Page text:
Jab, heave, turn. Jab, heave, turn. The sun was glaring as my 12-year-old, Hannah, and I, pitchforks in hand, attacked a three-foot-tall compost heap whose contents were destined for the vegetable garden. I longed to escape to the summer kitchen, fan my face with my apron, and guzzle the field hands’ shrub, a vinegary apple drink. But what would the other ladies think?Besides, my husband, Steve, and eight-year-old, Daniel, had taken on the more onerous task of mucking out the stables. Welcome to my family’s reality vacation. At Conner Prairie, an open-air living-history museum in Fishers, Indiana, we were taking a trip back in time, to try out late-19th-century agrarian life. After the compost was dealt with, there were cows to milk, wood to split. And did I mention the chamber pot in need of emptying?
The “Weekend on the Farm” program at Conner Prairie—the museum was named for early fur trader and settler William Conner—is one of an increasing number of hands-on history experiences open to all ages. But while other setups might let participants fire a musket or crimp a piecrust, this one takes turning back the clock further, with each person assuming a fictional role. Over our two days, costumed staff members would remain steadfastly in character (when a visitor inadvertently used the word airplane, one of them looked at him blankly and said: “I don’t know that word”), and we weekenders were expected to do the same.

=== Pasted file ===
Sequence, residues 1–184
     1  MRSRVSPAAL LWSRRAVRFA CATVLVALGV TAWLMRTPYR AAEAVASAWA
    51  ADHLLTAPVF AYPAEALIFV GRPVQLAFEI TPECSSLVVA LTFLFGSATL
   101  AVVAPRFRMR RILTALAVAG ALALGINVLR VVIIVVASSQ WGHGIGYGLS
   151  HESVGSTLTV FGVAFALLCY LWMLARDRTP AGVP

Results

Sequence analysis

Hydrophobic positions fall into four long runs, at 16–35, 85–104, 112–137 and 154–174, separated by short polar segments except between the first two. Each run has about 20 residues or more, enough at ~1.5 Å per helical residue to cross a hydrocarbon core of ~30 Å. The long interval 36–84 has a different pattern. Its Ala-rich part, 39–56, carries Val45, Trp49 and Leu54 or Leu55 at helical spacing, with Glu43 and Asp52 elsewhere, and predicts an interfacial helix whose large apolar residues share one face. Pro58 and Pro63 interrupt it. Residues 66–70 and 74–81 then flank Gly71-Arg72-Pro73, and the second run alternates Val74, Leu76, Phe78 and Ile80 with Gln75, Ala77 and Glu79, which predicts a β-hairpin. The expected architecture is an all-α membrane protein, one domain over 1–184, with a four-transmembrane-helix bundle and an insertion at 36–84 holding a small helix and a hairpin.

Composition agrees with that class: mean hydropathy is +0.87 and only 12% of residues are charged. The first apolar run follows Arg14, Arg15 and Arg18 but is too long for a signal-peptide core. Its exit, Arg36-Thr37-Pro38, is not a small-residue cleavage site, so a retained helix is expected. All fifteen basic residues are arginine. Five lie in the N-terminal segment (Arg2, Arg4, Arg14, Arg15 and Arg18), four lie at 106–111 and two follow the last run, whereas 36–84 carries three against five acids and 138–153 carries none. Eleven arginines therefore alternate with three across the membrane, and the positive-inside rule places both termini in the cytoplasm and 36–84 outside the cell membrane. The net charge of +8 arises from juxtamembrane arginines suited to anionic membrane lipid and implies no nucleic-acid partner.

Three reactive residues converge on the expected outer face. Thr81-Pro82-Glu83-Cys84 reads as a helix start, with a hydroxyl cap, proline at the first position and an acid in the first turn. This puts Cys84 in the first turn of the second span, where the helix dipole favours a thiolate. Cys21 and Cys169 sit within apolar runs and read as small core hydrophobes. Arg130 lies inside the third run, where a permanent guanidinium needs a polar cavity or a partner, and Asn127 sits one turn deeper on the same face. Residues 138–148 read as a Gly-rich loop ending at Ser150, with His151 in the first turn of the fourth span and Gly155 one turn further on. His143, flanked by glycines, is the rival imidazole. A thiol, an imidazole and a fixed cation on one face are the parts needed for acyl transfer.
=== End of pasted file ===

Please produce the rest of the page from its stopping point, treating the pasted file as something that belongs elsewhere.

Orientation materials informed us that Steve, a New York City English teacher, was to be a horse farmer named Charlie Gilpin; I’d be his wife, Eva, and Hannah would be Dora. “I can’t believe I’m Sylvester,” wailed Daniel, who was otherwise thrilled by the prospect of playing farm boy for the next couple of days.
Our experiment in time travel would center on an 1886 farmstead. To reach it, our group of 10 weekenders—which included another family of four, known to us as the Landises, as well as a woman and her 10-year-old granddaughter, who would also be Gilpins—followed a path from the visitors’ center through a replica of a settlement from 1836, back when Indiana, then a 20-year-old state, was the country’s western frontier. As we toured an inn and strolled by a carpenter’s house, our guides told us about the Zimmerman clan, who once populated these parts. It was a short walk to our home base: the Zimmermans’ green-shuttered buff Victorian farmhouse. While day visitors trooped through the first floor—past the parlor’s pump organ and the dining room’s walnut sideboard with silverware fanned out on top—we weekenders slipped through a door off the kitchen and mounted the back stairs to our rooms. My family’s snug space had yellow flowered wallpaper; three beds; an oil lamp; and a white ironstone pitcher and washbasin, with which we were to try to keep ourselves passably clean.